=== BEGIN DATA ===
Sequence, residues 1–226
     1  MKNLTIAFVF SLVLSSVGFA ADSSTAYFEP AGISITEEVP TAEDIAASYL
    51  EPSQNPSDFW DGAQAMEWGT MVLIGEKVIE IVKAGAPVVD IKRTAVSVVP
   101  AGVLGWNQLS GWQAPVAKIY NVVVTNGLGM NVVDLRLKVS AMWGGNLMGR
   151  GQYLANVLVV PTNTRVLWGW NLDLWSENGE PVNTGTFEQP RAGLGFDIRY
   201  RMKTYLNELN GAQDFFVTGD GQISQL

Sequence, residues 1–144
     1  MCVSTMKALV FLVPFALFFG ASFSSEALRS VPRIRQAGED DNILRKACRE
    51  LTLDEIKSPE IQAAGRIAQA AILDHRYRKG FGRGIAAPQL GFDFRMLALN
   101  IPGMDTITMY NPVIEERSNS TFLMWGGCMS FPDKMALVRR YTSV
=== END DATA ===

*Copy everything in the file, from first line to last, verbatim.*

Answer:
Sequence, residues 1–226
     1  MKNLTIAFVF SLVLSSVGFA ADSSTAYFEP AGISITEEVP TAEDIAASYL
    51  EPSQNPSDFW DGAQAMEWGT MVLIGEKVIE IVKAGAPVVD IKRTAVSVVP
   101  AGVLGWNQLS GWQAPVAKIY NVVVTNGLGM NVVDLRLKVS AMWGGNLMGR
   151  GQYLANVLVV PTNTRVLWGW NLDLWSENGE PVNTGTFEQP RAGLGFDIRY
   201  RMKTYLNELN GAQDFFVTGD GQISQL

Sequence, residues 1–144
     1  MCVSTMKALV FLVPFALFFG ASFSSEALRS VPRIRQAGED DNILRKACRE
    51  LTLDEIKSPE IQAAGRIAQA AILDHRYRKG FGRGIAAPQL GFDFRMLALN
   101  IPGMDTITMY NPVIEERSNS TFLMWGGCMS FPDKMALVRR YTSV